However, the United States and European countries regulate banks, insurers and traders in very different ways, particularly in the $630 trillion derivatives industry. COLD SHOULDER Never was the difference more evident than during the financial crisis, when Washington moved quickly in 2008 to tackle problems at its banks with a compulsory scheme to take on new capital, reassuring investors. Five years on, Europe and its uneasy alliance of 28 countries is still struggling to impose order on its financial system and has had to give emergency aid to five countries. This is mirrored in regulation, where the two sides have also clashed over the control of derivatives, with Washington demanding that global trading involving U.S. firms be subject only to U.S. rules, regardless of where it happens. Europe wants a pact that spells out which regulators are responsible for what activities, and how the rules should apply. Some EU officials talk about creating new EU-U.S. institutions to oversee finance, such as jointly tackling any future transatlantic banking crisis. Banks hope for less duplicated regulation. “In derivatives, without an agreement … banks will have to comply with both U.S.
was on the path to a credit default. Democrats reposted that it was reckless of Boehner to raise the possibility of a default. “Comments yesterday by House Speaker John Boehner that he would not facilitate bills to reopen the government or lift the debt ceiling in the absence of an agreement to wide-reaching talks on fiscal policy suggest that we should not anticipate an early resolution,” Chris Scicluna, an economist at Daiwa Capital, said in a research note. The FTSE 100 closed unofficially down 0.3 percent; the German DAX closed down around 0.4 percent. Meanwhile, U.S. stocks were off lows in late morning trade, after the Dow touched a one-month low. Greek stocks higher In Greece, a draft budget for next year was presented to parliament by the Finance Ministry on Monday. Greek stocks were the standout gainer on Monday, closing up 2.5 percent, helped by the bullish tone set by U.S. hedge fund managers such as John Paulson. After the market close it unveiled a strict turnaround plan aimed at regaining profitability and fending off nationalization. In stocks news, shares of European airlines firm Air France KLM closed 1.18 percent lower after it reported weak cargo traffic for September.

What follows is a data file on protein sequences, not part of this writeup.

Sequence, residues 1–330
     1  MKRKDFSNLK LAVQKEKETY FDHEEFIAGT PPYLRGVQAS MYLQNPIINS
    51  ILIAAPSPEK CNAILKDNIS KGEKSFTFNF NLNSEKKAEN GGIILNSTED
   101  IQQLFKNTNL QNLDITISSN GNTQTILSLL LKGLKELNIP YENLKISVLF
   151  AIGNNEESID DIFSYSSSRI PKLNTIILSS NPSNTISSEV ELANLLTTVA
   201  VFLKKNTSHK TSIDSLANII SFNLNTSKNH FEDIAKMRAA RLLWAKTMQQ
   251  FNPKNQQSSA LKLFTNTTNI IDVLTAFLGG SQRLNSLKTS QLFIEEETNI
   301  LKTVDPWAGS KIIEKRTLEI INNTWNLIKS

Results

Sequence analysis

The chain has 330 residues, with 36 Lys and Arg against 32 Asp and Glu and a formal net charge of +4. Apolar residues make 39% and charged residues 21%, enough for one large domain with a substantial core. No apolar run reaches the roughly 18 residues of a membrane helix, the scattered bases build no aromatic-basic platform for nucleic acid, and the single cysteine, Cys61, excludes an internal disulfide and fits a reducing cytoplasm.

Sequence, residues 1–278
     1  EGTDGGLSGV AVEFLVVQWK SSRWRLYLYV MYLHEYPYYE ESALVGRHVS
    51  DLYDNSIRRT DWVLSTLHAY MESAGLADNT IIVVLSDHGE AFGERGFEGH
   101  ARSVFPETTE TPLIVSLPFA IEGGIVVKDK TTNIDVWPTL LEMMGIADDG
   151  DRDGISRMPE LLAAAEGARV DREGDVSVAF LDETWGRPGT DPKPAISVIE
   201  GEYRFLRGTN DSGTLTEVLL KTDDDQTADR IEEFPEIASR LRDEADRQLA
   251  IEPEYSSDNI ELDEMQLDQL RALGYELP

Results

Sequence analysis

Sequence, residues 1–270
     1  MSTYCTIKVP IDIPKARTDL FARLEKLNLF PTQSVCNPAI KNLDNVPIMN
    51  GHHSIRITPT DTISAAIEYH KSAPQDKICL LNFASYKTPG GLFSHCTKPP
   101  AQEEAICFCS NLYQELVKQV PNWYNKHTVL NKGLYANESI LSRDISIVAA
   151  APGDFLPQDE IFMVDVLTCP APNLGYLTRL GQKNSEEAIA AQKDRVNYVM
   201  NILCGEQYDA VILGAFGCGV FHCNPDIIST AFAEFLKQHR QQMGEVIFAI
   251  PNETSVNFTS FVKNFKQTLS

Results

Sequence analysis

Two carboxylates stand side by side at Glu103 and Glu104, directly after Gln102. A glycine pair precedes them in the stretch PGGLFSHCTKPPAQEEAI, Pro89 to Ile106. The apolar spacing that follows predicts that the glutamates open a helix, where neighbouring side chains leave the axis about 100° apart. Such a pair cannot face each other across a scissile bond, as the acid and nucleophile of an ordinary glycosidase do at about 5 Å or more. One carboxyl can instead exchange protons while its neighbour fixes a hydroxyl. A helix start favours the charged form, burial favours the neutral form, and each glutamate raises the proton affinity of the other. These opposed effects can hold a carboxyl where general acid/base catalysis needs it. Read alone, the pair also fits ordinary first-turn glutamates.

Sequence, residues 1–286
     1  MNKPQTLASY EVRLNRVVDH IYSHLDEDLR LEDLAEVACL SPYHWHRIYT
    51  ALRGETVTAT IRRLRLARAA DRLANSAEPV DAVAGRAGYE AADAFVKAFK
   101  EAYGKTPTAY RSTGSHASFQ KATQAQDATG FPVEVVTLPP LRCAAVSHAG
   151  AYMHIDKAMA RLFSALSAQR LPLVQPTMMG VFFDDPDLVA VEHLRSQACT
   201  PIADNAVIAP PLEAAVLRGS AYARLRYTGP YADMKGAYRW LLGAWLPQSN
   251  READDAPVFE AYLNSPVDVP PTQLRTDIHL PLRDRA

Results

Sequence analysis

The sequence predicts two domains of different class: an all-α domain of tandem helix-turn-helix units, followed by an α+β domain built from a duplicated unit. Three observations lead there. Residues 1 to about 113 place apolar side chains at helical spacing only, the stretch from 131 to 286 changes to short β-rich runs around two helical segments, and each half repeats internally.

Europe shares close lower as shutdown fears weigh
Greece’s unemployment stands at over 27%, and youth jobless rates have hit 65%. The European press is chock full of stories of Greek professionals living hand to mouth. Greece is the closest thing you see to the Great Depression of the 1930s in today’s global economy. Yet, it’s always darkest before the dawn. Greece is now on track to produce a “primary surplus” a budget surplus this year before interest payments. Gross domestic product (GDP) in the second quarter expanded for the first time in four years. That means that instead of shrinking 4.2%, the Greek economy will only contract 3.8% in 2013. Unemployment has also dropped recently, albeit only by a hair’s breadth. Greece’s Economic Sentiment Index (ESI) also climbed in September to the highest level in two years. Most importantly, Greece has made money for investors, with the Global X FTSE Greece 20 ETF rallying 43.55% in over the past six months. Much of that has come since Sept. 1, with GREK jumping 23.92% in September and rising 6.58% this month.